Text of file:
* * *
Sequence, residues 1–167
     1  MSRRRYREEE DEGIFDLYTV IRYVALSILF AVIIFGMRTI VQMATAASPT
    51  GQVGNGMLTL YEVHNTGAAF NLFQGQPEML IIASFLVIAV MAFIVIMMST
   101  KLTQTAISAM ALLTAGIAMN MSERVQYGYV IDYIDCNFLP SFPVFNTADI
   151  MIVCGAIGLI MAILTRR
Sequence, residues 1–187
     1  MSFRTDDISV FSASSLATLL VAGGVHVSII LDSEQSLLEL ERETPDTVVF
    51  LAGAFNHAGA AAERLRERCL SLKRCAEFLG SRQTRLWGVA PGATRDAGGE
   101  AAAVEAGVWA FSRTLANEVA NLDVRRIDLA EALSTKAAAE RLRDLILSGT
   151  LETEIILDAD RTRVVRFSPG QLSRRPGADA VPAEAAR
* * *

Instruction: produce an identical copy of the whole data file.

Sequence, residues 1–167
     1  MSRRRYREEE DEGIFDLYTV IRYVALSILF AVIIFGMRTI VQMATAASPT
    51  GQVGNGMLTL YEVHNTGAAF NLFQGQPEML IIASFLVIAV MAFIVIMMST
   101  KLTQTAISAM ALLTAGIAMN MSERVQYGYV IDYIDCNFLP SFPVFNTADI
   151  MIVCGAIGLI MAILTRR
Sequence, residues 1–187
     1  MSFRTDDISV FSASSLATLL VAGGVHVSII LDSEQSLLEL ERETPDTVVF
    51  LAGAFNHAGA AAERLRERCL SLKRCAEFLG SRQTRLWGVA PGATRDAGGE
   101  AAAVEAGVWA FSRTLANEVA NLDVRRIDLA EALSTKAAAE RLRDLILSGT
   151  LETEIILDAD RTRVVRFSPG QLSRRPGADA VPAEAAR